This year marks the first time in over 10 years that E3 has been open to the general public. While a small number of general admission tickets have always been offered for a high price. This year the ESA decided to take a stab at opening the event to the public and 15,000 tickets were released for the public. These tickets were pulled from press and industry polls, and as a result, many industry and press folks did not get in to the event. Instead large numbers of the public (who paid handsomely for the privilege) are currently mobbing the LACC.

Last year at E3 I had the fantastic chance to rub elbows with giants, I was on the same (uncrowded) floor as Hideo Kojima, Cliff Bleszinski, and countless other executives, developers, and journalists. We were all part of the same industry and as a result all of us were connected. E3 was the Promised Land, both for developers and journalist, and perhaps that rosy view of it is partly to blame for why the public is disappointed. They expected an experience like I had last year, where you could walk around play AAA games, and see famous figures from the industry,  and maybe eat, and drink with them. But, that didnt happen.

Overcrowding, long lines, and a general distaste with the handling of crowds seem to have combined with a public for years have been told that E3 is a magic land, and left many gamers disappointed. After a lackluster attendance and an honestly quiet show floor last year, the ESA seemingly had little choice but to open up the doors to public. But, based on the fan and industry reaction it may be time to reconsider at the very least the number of public tickets sold.

Below is a collection of Tweets from Day 1 and the start of day 2 from a variety of both press and non-press folks expressing just how crowded E3 is, and more than a few questioning if E3 should even continue if its going to be like this. Even large vendors like Razer and Nintendo’s twitter feeds were abuzz with photos of packed wall to wall people. This is an extremely rare event as companies, especially those like Razer, tend to offer little to no comment on these things as a matter of policy. While there were crowded places last year, nothing like what I am seeing now happened.


I very much enjoyed Holly Green’s article E3 Is Too Crowded Now (And That Sucks) and have to say that of the points she makes are quite good. In particular I want to point out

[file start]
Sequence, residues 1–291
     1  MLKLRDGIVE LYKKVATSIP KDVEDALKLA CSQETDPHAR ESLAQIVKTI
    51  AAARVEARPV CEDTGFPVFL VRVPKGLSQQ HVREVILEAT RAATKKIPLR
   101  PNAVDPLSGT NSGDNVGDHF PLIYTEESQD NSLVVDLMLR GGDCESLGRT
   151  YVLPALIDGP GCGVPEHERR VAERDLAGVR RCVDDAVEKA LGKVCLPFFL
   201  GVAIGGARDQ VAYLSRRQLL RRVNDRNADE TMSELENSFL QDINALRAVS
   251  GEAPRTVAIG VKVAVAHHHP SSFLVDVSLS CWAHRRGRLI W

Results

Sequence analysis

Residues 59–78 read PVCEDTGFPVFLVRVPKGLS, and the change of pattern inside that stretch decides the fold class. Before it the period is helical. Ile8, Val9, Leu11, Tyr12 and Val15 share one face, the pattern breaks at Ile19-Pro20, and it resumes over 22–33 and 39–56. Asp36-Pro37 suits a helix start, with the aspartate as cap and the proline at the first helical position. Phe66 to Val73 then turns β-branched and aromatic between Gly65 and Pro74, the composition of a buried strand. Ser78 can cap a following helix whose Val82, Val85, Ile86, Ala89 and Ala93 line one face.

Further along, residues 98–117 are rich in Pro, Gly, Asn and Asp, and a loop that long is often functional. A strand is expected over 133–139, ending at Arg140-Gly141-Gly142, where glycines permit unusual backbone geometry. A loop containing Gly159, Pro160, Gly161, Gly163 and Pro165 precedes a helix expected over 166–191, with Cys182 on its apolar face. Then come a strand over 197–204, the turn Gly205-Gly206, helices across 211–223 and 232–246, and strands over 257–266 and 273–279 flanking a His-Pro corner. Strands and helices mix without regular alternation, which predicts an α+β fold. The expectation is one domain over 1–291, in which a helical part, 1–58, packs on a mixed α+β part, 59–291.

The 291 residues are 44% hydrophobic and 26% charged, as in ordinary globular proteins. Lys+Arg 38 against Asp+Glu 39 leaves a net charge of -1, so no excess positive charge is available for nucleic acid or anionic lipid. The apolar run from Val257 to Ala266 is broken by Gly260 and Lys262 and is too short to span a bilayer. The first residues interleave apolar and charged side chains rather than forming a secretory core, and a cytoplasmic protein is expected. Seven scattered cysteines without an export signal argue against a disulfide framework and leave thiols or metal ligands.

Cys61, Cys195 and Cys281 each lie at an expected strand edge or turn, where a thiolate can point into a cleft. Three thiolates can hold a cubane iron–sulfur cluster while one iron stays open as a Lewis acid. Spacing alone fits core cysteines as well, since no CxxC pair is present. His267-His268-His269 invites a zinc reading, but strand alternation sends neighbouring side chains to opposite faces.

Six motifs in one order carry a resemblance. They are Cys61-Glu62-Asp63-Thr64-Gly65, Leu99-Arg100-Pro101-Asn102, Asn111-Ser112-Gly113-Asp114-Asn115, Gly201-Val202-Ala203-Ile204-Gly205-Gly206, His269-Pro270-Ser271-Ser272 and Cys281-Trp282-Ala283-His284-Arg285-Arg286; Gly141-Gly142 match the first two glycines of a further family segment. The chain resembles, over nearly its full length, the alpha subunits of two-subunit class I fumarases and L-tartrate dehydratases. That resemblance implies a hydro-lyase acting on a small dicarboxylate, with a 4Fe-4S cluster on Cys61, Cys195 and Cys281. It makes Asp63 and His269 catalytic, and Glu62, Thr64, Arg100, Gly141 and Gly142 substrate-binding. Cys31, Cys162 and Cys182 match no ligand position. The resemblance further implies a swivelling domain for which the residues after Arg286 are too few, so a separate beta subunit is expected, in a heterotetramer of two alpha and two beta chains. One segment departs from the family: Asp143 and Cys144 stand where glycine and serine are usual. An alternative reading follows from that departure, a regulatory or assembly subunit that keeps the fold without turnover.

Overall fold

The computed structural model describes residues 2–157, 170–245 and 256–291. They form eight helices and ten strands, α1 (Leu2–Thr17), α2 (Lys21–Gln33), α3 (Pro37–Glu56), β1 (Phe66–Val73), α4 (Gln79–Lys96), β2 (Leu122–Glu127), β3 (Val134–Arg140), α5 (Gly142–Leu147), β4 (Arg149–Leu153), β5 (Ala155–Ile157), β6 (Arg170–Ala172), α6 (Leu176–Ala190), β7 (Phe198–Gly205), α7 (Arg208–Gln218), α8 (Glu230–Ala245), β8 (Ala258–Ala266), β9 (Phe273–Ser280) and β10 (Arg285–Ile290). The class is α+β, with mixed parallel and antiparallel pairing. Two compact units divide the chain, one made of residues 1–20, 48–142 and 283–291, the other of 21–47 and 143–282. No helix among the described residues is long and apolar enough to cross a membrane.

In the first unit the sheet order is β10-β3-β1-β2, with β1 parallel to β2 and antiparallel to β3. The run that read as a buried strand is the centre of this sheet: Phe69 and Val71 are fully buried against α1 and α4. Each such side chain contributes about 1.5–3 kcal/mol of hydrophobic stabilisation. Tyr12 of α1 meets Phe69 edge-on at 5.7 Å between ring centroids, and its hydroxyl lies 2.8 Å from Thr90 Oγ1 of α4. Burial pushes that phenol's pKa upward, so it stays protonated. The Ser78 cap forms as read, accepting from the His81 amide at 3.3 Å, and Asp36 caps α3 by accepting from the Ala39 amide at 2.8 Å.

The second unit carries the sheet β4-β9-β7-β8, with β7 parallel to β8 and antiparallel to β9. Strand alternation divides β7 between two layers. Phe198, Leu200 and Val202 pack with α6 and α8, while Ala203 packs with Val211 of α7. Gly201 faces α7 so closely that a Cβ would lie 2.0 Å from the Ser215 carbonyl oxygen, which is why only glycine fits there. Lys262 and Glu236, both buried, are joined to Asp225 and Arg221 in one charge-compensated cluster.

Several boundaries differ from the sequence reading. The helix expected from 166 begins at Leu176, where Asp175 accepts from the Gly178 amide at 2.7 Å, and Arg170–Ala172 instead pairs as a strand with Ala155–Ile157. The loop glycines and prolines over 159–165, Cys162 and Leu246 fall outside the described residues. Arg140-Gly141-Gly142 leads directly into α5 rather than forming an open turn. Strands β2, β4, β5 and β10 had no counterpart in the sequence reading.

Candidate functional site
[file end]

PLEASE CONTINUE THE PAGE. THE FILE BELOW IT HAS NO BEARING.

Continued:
“Are the booths in South Hall like that this year? Hard to say. I couldn’t get close enough to tell.”

The south hall is where last year I enjoyed a couple of free drinks from some of the larger booths, where there was space for interviews, and where I spent time when I just needed to cool off. To hear that its so much more crowded this year than last, even when Nintendo, Sony, and Microsoft are in the North Hall, is to say the least disheartening.

So what do we do about this ESA? Well I have a few suggestions. The first (and probably easiest) is to simply spit the con, keeping the early day or two days closed and opening the rest to the public. This gives journalists, industry people, and buyers time to see what they need and still lets the public in to the same convention. This is how Gamescom does it, and its easier for the developers and companies because they don’t have to set up twice.

The second option is to simply create a new convention. This has actually been done before . The Entertainment for all convention in 2007 and 2008 was a pre-PAX attempt at doing this. Reviving this convention (which had 18K attend it in 2007) would return E3 to its roots, a trade show, and allow the ESA to establish a strong second presence in the convention market. This convention ended up being a flop, and only went on for two years, but the market is much different now than it was 10 year ago.

Personally I don’t care which avenue the ESA chooses but even before the end of day 1 it was clear that the current strategy wasn’t going to work. E3 has long been the shining beacon on the hill of the games industry. So, I understand that the public also wants to be able to get a piece of that, but for the ESA’s core mission of “serving the business and public affairs needs of companies that publish computer and video games for video game consoles”  to continue to be fulfilled consumers need to take a back seat, to industry, at least for a little while.